The cardiopulmonary resuscitation, or CPR, delivered to Michael Jackson by his personal physician may not have been as effective as it could have been, heart experts told ABC News based on a transcript of the 9-1-1 call placed from Michael Jackson's Los Angeles mansion on the day of his death.
The transcript, which documents a call that Los Angeles emergency dispatchers received at 12:21 p.m. last Thursday, revealed that Jackson lay on a bed while receiving CPR from his personal physician Dr. Conrad Murray -- not on a floor or other hard surface as CPR experts suggest.
In was a point that the 9-1-1 dispatcher actually raised in his conversation with Jackson's security staff at the time of the emergency call.
"Do you have him on the floor? Where's he at right now?" the operator asked.
"He's on the bed sir," the caller responded. "He's on the bed. We need [paramedics]."
"Let's get him on the floor," the operator responded.
During his appearance on "Good Morning America" on Monday, Murray's attorney Ed Chernoff confirmed that Murray began administering CPR while Michael Jackson was lying on a bed.
"He did administer CPR on the bed," Chernoff said. "The bed is a very firm bed. He braced Michael Jackson's back with his hand under his back and compressed his chest with the other hand."
The American Heart Association recommends that cardiac arrest victims lie on a hard surface while receiving CPR -- usually either a backboard or the floor.
The reason for this, said Dr. Benjamin Abella of the University of Pennsylvania's Center for Resuscitation Science, is backed by research that suggests performing compressions while the patient is lying on a surface that is softer than the ground essentially robs the compressions of the power needed to keep blood flowing through the body until help arrives.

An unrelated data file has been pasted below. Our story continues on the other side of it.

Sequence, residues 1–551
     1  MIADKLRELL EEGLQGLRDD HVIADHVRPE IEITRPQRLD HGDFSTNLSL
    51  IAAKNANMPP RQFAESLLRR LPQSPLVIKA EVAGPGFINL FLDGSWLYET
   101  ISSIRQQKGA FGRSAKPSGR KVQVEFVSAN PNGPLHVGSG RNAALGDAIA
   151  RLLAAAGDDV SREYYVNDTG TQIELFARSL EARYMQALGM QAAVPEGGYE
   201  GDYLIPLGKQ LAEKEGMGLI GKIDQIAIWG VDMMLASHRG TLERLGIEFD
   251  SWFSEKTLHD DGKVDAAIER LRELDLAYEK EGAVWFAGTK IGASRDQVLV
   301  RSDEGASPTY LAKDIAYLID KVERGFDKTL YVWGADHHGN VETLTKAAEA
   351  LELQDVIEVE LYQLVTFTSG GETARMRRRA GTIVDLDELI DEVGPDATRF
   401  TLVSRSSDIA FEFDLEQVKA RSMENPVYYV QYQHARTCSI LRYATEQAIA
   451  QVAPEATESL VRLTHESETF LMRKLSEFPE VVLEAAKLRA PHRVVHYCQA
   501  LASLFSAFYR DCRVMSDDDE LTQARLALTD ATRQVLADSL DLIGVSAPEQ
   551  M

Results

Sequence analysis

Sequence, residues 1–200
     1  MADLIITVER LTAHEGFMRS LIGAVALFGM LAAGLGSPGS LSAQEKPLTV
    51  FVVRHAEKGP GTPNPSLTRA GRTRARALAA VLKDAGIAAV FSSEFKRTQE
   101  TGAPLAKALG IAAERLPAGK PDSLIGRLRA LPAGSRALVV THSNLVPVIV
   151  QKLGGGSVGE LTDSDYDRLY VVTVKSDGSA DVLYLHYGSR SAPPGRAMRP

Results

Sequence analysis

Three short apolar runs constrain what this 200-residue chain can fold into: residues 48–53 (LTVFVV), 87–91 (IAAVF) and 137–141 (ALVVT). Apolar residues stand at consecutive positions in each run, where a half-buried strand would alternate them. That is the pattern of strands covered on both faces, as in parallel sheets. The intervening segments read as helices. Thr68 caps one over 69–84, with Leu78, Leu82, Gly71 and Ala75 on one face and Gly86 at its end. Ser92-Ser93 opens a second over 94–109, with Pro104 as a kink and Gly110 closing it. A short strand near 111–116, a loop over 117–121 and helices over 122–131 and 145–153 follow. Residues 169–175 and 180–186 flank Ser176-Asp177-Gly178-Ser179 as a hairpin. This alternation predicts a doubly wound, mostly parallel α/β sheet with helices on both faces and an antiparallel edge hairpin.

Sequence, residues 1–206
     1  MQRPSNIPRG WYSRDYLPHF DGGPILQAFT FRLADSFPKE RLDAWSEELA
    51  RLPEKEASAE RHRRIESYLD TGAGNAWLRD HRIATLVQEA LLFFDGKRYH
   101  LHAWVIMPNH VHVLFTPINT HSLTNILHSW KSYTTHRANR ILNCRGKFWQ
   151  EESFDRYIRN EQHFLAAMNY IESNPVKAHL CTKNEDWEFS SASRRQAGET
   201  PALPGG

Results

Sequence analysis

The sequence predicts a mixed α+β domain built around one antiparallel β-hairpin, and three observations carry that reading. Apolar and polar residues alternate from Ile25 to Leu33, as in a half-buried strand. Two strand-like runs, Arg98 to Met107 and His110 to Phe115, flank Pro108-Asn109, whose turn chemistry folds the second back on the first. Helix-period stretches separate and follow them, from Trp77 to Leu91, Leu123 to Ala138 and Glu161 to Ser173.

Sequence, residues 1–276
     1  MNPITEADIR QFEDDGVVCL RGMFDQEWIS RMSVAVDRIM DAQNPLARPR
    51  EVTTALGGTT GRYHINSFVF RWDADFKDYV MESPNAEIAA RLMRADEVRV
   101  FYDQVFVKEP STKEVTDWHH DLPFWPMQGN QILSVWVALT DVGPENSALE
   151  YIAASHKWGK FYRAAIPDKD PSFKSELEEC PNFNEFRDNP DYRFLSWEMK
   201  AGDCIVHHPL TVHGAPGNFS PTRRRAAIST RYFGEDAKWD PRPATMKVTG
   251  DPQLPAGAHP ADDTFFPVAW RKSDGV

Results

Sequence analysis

"When CPR is performed on a mattress, much of the 'depth' of compression is absorbed by the mattress, so that the chest does not move as much as it should," Abella said. "Chest compression depth is one of the most important characteristics of CPR, and several studies from our group and others have confirmed that better depth leads to better outcomes,"
Dr. Douglas Zipes, professor of cardiology at the Indiana University School of Medicine and past president of the American College of Cardiology, agreed. "[It's] very difficult to impossible to do CPR in bed; [there's] no leverage, no firm support, [and] no neck extension."
In certain cases, though, those performing CPR may be forced to resort to a less solid surface. Dr. Deepak Bhatt, director of the Integrated Interventional Cardiovascular Program at Brigham and Women's Hospital in Boston, said that depending on the circumstances, CPR on a softer surface can still be somewhat effective.
"Whether to move them if they are on an uneven or soft surface is not always clear," Bhatt said. "If moving the patient would delay instituting CPR -- if you were the only person in the area and could not easily lift them, for example -- it might make sense to start right away and scream out for help and then move the patient when a second responder arrives.
"It really is a matter of trying to use good judgment and weighing the risks of delaying potentially adequate CPR while aiming for perfect CPR," he said.